Just a little reminder before I begin, GAFA is the acronym of Google, Apple, Facebook, Amazon and was coined by the French press.
Recently, Google (the company, not the search engine) changed its name to Alphabet. Why ? To give its different projects – Calico, Life Sciences, Nest, Self-driving Car, and others – more independence, according to CEO Larry Page.
What you might not know, is that it isn’t the first time Google has been renamed. It started its life out in 1996 as BackRub, referring to its analysis of the web’s backlinks (the incoming links to a website or page). A year earlier, Larry Page, 22, and Sergey Brin, 21, had met at Stanford and decided to create a search engine. But as the tool’s function began to evolve, so had the name.
So on September 15th 1997, Larry and Sean Anderson, another graduate that shared the same office as him, got about brainstorming. And this is how it happened, according to David Koller of the Stanford Computer Science Department: “Sean and Larry were in their office, using the whiteboard, trying to think up a good name – something that related to the indexing of an immense amount of data. Sean verbally suggested the word “googolplex,” and Larry responded verbally with the shortened form, “googol” (a mathematical term for the number represented by the numeral 1 followed by 100 zeros). Sean was seated at his computer terminal, so he executed a search of the Internet domain name registry database to see if the newly suggested name was still available for registration and use. Sean is not an infallible speller, and he made the mistake of searching for the name spelled as “google.com,” which he found to be available. Larry liked the name, and within hours he took the step of registering the name google.com for himself and Sergey.” And thus a giant was born.
The famous fruit-named company was established in 1976, by Steve Jobs, 21, Steve Wozniak, 25, and Ronald Wayne, 42, to develop and sell personal computers. It was incorporated as Apple Computer in 1977, and was renamed Apple in 2007 to reflect its shifted focus towards consumer electronics.
In a 1980 presentation of the company, a young, enthusiastic Steve Jobs, with a full head of hair, explains: “We decided to call it Apple Computer partially because I like apples a lot, and partially because Apple is ahead of Atari (a pioneer in home computers) in the phone book and I used to work at Atari (everyone laughs). But we re-examined it on a regular basis and we found that the apple seemed to epitomize what we were going after which was simplicity and yet very refined sophistication. So I think we’re going to stick with it.” And they did.
Mark Zuckerberg was only a 19-year-old sophomore at Harvard when he launched Thefacebook in 2004. “Harvard didn’t have a facebook so that’s the gap we were trying to fill. It’s an online directory that connects people through universities and colleges through their social networks there”, clarifies Zuckerberg in a 2004 interview. He probably got the name from his years at Exeter high school. Each year pupils would receive a copy of the student directory: “The Photo Address Book”, which everyone called “The Facebook” because the original name was such a mouthful.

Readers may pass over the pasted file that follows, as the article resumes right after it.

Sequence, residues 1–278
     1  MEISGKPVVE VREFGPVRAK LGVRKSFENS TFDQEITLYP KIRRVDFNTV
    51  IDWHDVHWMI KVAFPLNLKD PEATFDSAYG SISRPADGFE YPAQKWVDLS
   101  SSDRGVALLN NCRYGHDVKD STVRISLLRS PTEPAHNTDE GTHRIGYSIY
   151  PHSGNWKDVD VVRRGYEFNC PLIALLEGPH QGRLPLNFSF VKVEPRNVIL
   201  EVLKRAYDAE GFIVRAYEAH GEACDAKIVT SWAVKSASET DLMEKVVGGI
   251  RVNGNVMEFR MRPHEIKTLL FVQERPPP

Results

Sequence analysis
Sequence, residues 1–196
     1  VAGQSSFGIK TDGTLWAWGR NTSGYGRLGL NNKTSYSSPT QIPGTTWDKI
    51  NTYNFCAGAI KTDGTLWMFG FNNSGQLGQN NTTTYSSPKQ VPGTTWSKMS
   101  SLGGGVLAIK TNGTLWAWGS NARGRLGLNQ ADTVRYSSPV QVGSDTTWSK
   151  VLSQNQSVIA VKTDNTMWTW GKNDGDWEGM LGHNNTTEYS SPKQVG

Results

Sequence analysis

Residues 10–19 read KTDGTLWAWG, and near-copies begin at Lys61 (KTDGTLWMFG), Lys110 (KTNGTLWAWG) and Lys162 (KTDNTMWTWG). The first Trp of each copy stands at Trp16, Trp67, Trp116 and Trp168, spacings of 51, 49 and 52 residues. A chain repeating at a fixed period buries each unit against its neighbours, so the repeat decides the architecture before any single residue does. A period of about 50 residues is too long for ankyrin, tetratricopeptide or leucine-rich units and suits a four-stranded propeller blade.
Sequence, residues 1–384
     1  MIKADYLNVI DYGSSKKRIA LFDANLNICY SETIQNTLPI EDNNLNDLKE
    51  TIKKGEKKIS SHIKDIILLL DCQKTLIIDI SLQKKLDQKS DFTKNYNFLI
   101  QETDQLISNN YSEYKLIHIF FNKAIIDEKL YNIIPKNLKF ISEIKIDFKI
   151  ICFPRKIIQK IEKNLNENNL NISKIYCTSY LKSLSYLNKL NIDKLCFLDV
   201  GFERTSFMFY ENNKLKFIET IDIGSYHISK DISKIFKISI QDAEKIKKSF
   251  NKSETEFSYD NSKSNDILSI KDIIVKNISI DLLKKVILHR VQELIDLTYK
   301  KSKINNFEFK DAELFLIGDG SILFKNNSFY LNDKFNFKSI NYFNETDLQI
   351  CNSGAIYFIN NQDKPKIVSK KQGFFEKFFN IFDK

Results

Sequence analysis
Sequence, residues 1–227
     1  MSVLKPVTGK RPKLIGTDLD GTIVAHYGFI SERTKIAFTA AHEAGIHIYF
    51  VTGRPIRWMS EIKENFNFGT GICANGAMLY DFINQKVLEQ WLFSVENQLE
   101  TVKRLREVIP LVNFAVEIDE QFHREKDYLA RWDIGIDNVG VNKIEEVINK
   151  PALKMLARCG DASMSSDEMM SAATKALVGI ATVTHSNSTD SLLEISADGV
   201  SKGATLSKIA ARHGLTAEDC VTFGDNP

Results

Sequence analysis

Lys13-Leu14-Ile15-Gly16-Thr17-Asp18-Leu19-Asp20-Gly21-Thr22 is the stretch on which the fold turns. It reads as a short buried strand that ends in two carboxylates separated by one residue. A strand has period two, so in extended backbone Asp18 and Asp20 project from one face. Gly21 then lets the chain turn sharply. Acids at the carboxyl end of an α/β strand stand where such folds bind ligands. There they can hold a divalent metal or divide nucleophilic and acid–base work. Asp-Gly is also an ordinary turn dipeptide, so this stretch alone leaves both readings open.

But the young genius already had a reputation on campus before Thefacebook. In 2003 he had indeed created Facemash. This website would present the user with two randomly selected pictures of Harvard students and then let the user vote on which one was hotter. Using all the votes, it would then generate a constantly updated ranking according to attractiveness. Obviously many people felt it was insulting, and the site only lasted a few weeks. Not to mention that he had gotten the photos by hacking into the websites of nine houses. A glimpse of the privacy and copyright issues he would later have to deal with for Facebook.
Like many a great company, legend has it that Amazon started out in a garage. It was 1994 and Jeff Bezos, 31 at the time, had dubbed the business Cadabra (short for Abracadabra). “One of the problems with the name is that people would hear it as “cadaver” on the phone which is itself kind of bad”, recalls Shel Kaphan, the firm’s first employee, in an interview by GeekWire.
It had to go, so Jeff Bezos started looking for something beginning with an A. Indeed, pages on Netscape – the dominant web browser at the time – were alphabetized, and being in the As would therefore ensure more traffic on the website. His aim being to create the world’s biggest bookstore, he decided to go with the world’s greatest river: the Amazon. “This is not only the largest river in the world, it’s many times larger than the next biggest river. It blows all other rivers away”, he declared. Last year, Amazon controlled a 67% share of the e-book market and a 64% share of printed books sold online. For better or for worse, the name fits like a glove.